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"A slow-burn of a movie, exceptionally crafted and assured. Gets under your skin. Creepy as hell” - Larry Fessenden, Director of LAST WINTER, WENDIGO
"Genuinely creepy and original. What BLAIR WITCH PROJECT might have been if it had a brain, a script, technique, and actors as good as these" - Jack Ketchum, author of THE LOST, OFF SEASON
Director: Christopher Denham
Screenplay: Christopher Denham
Cast: Adrian Pasdar, Cady McClain, Austin William, Amber Joy Williams, Lucian Maisel
Producers: Andrew van den Houten, William M. Miller, Frank Olsen, Sam Hamadeh
The Poes are your average, middle-class American family, living in a remote area of upstate New York. Clare (Cady McClain) is a psychiatrist. David (Adrian Pasdar) is a Lutheran minister. Ten-year-old twins Jack and Emily (played brilliantly by actual brother and sister Austin and Amber Williams) are out of their minds. Clare recently bought a video camera to document her sessions, but neither parent can resist co-opting it to use for home movies. Everything we see is limited to what they have shot of each other. And it isn’t pretty. Their footage at first seems fairly typical until Jack throws a rock into his father’s face. Shortly afterward, a tender moment is interrupted when Emily quietly kills a frog. Listening to the parent’s conversations, we begin to realize that the Poe children have always been violent. And it appears that their behaviour has lately been getting far more dangerous. After a particularly savage incident (trust me, it will freeze your blood), Clare tries to do home counseling with her own children as patients, but this fails miserably. Medicine fails. Religion fails. The children are utterly, irrevocably cruel—the very definition of the word “evil,” in fact—and there is absolutely nothing their parents can do except continue documenting their behaviour.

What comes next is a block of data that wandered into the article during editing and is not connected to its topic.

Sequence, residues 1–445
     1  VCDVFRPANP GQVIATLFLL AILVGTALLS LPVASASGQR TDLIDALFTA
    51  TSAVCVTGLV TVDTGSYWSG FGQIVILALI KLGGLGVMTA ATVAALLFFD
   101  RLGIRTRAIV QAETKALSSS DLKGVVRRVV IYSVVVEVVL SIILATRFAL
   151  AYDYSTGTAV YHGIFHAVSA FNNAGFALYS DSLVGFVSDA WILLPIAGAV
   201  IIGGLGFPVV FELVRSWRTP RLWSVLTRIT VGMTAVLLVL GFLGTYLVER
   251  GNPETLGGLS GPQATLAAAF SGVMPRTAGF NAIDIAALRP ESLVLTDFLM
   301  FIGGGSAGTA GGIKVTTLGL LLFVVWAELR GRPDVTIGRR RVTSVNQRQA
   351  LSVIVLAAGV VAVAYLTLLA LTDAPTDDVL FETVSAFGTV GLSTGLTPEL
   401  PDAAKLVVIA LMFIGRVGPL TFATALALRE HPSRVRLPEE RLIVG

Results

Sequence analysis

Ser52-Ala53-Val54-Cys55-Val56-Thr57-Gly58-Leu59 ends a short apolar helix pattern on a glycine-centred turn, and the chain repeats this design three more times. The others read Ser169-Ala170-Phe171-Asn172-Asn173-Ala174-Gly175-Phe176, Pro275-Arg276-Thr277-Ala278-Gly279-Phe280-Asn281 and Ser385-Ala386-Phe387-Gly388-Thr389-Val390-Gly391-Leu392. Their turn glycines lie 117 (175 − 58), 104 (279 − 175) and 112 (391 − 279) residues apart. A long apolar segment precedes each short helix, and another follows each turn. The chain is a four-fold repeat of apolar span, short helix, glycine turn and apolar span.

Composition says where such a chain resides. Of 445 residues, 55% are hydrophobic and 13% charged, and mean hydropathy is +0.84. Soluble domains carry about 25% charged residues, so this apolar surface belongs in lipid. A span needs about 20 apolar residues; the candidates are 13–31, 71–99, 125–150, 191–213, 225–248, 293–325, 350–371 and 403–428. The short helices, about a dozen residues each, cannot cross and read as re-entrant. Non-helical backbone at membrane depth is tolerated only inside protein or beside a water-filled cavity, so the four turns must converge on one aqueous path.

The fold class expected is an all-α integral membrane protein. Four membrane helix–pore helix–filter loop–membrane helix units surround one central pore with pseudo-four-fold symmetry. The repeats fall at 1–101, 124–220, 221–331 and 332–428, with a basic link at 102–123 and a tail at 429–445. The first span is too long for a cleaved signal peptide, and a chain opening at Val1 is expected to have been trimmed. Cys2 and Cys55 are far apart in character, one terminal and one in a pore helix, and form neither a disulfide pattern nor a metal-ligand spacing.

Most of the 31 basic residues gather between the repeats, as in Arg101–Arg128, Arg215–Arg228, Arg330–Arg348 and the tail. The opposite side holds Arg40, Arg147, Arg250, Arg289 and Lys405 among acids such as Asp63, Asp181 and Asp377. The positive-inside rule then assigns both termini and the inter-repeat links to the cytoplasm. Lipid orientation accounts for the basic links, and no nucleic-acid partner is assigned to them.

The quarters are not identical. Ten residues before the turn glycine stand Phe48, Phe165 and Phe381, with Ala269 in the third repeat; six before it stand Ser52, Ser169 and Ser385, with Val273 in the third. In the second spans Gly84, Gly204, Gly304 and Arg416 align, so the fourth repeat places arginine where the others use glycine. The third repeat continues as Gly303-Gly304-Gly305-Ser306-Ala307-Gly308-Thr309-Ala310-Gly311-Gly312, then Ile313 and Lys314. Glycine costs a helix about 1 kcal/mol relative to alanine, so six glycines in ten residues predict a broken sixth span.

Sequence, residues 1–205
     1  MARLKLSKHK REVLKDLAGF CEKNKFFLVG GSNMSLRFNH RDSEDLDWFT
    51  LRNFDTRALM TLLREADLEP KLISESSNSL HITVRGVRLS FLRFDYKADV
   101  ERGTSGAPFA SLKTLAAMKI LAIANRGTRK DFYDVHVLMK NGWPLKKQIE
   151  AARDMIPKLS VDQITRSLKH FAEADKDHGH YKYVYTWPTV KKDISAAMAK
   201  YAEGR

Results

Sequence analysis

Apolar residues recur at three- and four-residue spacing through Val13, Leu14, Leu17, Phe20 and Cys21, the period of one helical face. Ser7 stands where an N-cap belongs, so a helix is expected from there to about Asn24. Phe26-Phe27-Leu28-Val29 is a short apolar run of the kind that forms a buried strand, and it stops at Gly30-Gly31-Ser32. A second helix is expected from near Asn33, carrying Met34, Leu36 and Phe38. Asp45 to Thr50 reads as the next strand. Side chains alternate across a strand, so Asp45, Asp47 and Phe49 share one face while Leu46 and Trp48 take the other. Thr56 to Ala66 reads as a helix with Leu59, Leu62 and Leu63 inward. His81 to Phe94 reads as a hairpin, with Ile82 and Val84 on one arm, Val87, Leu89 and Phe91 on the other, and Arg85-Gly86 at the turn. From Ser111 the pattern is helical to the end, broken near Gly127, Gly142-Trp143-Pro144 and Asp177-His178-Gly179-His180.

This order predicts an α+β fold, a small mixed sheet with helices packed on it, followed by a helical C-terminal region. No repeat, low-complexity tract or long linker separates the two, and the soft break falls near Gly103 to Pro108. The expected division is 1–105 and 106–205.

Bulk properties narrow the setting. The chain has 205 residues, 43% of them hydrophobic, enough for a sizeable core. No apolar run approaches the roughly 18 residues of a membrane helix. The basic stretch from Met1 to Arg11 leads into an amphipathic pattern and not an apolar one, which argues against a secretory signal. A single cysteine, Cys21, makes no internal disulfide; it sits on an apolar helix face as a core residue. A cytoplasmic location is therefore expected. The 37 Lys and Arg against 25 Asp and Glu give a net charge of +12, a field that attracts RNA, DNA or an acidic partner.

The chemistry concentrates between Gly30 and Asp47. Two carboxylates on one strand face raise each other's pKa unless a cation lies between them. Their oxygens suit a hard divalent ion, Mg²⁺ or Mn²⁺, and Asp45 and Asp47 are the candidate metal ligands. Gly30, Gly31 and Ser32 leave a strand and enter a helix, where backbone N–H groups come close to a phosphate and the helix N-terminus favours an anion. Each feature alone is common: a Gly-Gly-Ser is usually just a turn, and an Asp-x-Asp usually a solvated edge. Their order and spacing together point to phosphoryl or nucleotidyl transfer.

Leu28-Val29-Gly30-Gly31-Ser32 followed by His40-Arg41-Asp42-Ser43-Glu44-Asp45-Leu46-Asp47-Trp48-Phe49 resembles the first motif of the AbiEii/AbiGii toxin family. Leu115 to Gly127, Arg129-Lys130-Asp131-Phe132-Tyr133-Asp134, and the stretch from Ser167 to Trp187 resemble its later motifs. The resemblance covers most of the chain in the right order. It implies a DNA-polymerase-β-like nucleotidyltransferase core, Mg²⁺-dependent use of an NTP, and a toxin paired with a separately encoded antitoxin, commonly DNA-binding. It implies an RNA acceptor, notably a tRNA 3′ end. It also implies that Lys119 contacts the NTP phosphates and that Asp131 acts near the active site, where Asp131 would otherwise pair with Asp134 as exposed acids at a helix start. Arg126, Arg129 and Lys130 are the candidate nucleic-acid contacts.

The most mature and provocative entry yet in the current wave of “reality horror” filmmaking, HOME MOVIE takes us into the troubled household of the idealized American family-next-door, laying bare their darkest power struggles and most disturbing transgressions. Ferociously smart and frightening, it recalls the ’70s cycle of horror films that deconstructed the family unit in horrifically revealing ways (think THE BROOD, IT’S ALIVE...), told with a millennial verité aspect that lends chilling potency to everything. It’s an unbelievable accomplishment for first-time writer/director Christopher Denham, burning with genuine horror and enforced by perfect performances that never fail to convince. The film is also shot through with fascinating subtext and grisly irony. For one, the camera itself is an agent of empowerment, those holding it attaining a degree of control that they clearly lack without it. Denham also cleverly fleshes out his film’s twins-oriented universe with the use of reciprocating situations and iconography. You won’t consciously recognize it at first, but these devices are employed from the very first moments, and they are ingenious. HOME MOVIE goes places few modern horror films dare. If you’re a parent, or for that matter anyone that has ever tried to forgive a loved one who’s done something indefensible, it will absolutely mortify you.